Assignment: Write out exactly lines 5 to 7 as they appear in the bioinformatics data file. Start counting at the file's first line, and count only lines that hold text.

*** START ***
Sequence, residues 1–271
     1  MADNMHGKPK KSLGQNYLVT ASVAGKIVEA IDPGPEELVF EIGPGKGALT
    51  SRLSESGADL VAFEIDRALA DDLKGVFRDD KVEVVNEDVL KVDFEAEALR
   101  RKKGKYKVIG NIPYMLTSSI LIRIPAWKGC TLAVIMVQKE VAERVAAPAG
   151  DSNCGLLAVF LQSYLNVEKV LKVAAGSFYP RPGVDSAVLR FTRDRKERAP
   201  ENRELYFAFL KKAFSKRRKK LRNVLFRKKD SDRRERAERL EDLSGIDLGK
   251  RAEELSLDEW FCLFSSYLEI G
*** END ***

   151  DSNCGLLAVF LQSYLNVEKV LKVAAGSFYP RPGVDSAVLR FTRDRKERAP
   201  ENRELYFAFL KKAFSKRRKK LRNVLFRKKD SDRRERAERL EDLSGIDLGK
   251  RAEELSLDEW FCLFSSYLEI G